While about 96% of patients make a full recovery from Takotsubo, Dr. Wittstein notes that the outcome depends on a variety of factors, from age to genetics, but also the type of stress event that triggered the syndrome. “It’s kind of hard to compare somebody who had a surprise birthday party and someone who had a massive stroke,” Dr. Wittstein explains. In some cases, there is no stress trigger at all, leading some researchers to call for more diagnostic specificity within the umbrella of Takotsubo Syndrome, in order to better understand causation and prognosis.
The link to women
About 90% of Takotsubo Syndrome patients are post-menopausal women, a link that may be caused by declining estrogen levels. But this link, like much about Takotsubo, is still heavily debated. As more case studies emerge, researchers have raised new questions about the mysterious syndrome. In a 2020 paper in European Heart Journal, for instance, researchers critiqued the current prevailing belief that Takotsubo syndrome and coronary artery disease, which causes heart attacks, are mutually exclusive, citing a new study that found they coincide more frequently than previously thought.
Much is still unknown about Takotsubo Syndrome, including why these stress events lead to heart muscle weakness, and why thirty percent of cases have no identifiable stress trigger at all. That’s partly because Takotsubo was only discovered recently, a lag resulting from the long history of gender bias in medical research. Echocardiography – heart ultrasound technology – became widespread in the 1970s, greatly advancing our understanding of the human heart, but centuries of cardiology research focused on male patients, often overlooking issues more common in women.
The issue persists today: the British Heart Foundation found that, while heart disease is the leading cause of death for women worldwide, women are 50% more likely than men to be misdiagnosed. “If you are a woman, the odds are stacked differently,” Dr. Sonya Babu-Narayan, associate medical director of the BHF, says in a statement on the organization’s website.
Since Takotsubo Cardiomyopathy was first identified, researchers have gathered larger patient samples to better understand the condition and how to care for it. Treating the immediate symptoms is critical, because in most cases, once the heart has stabilized, it will return to normal on its own, says Dr. Malissa Wood, co-director of the Corrigan Women’s Heart Health Program at Massachusetts General Hospital Heart Center.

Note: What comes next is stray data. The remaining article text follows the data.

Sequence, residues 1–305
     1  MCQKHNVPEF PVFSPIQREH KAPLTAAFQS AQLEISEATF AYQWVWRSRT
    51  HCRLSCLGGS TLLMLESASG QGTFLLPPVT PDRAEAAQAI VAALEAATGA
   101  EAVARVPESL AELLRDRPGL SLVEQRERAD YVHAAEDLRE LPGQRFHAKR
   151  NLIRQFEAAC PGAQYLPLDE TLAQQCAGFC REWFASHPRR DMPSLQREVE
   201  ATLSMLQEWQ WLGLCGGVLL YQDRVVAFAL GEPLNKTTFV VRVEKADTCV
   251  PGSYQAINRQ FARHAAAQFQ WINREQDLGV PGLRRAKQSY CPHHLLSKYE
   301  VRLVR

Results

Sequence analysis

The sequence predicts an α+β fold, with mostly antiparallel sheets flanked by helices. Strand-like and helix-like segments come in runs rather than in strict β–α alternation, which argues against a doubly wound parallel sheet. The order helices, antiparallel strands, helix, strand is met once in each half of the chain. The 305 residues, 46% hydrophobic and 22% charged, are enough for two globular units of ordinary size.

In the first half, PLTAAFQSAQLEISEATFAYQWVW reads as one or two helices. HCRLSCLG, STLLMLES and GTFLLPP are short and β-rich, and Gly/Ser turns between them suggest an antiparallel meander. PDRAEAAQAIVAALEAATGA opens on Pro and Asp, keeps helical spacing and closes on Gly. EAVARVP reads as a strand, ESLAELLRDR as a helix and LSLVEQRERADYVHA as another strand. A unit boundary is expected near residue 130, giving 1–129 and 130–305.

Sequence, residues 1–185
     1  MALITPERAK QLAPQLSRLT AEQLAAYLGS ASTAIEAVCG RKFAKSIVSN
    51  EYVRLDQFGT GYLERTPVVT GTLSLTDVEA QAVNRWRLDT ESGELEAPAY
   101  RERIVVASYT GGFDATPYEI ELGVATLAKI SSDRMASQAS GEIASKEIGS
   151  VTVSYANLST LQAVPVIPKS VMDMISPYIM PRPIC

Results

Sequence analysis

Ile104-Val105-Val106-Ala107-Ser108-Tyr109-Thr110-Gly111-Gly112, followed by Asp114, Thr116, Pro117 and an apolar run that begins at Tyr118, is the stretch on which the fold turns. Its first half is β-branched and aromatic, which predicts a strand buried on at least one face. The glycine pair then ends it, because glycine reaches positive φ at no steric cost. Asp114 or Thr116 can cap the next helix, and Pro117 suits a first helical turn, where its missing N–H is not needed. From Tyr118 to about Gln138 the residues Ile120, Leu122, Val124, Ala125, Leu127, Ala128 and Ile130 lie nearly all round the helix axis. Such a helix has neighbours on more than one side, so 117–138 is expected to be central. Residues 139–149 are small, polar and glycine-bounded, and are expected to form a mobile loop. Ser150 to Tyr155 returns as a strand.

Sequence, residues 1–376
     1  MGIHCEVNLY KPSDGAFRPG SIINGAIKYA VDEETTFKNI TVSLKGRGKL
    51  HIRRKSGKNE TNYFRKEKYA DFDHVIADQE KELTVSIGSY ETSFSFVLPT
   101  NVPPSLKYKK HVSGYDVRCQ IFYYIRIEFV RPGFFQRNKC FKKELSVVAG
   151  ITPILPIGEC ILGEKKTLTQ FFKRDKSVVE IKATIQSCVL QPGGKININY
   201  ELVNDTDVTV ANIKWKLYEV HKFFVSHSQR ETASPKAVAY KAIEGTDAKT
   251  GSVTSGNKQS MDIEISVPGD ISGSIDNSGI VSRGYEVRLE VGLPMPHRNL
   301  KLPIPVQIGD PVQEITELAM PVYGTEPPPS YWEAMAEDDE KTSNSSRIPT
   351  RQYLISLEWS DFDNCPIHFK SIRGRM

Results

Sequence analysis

“First we make sure the diagnosis is correct, and that it’s not a heart attack,” Dr. Wood said. “Then we’ll use beta blockers and ACE inhibitors,” which promote heart muscle recovery by relaxing the veins and arteries and lowering blood pressure. “If they’re having rhythm problems, or heart failure, chest pain…we’ll treat that – we really respond to the problem the patient is having.”
For most patients, Takotsubo only occurs once, but some individuals have experienced multiple episodes. Doctors still aren’t sure how to prevent it from recurring, but, as Dr. Wood notes, “the good news is it very rarely does.”
After recovery, Dr. Wood adds, managing stress through meditation, mindfulness, and other relaxation techniques is an important long-term priority – something everyone should do, whether they’ve had heart trouble or not.
And, she added, all the regular advice for heart health applies here, too: 150 minutes of heart-pumping exercise every week, eating a healthy diet, and limiting sodium, carbohydrates, and sugar. “All of the general recommendations for heart health, and managing stress – that’s really important,” Dr. Wood explains.
Takotsubo cardiomyopathy is quite rare, so even if you’ve had an acutely stressful or traumatizing experience, it’s not likely your heart will give you trouble. But Dr. Wood says that anyone experiencing a symptom they haven’t felt before, such as chest tightness or difficulty breathing, should get it checked out.
Whether it’s the real Broken Heart Syndrome, or garden-variety sadness, Dr. Wittstein notes, “the heart truly does ache.” Luckily, with some tender care (and perhaps just a little bit of dark chocolate), your heart will begin to mend.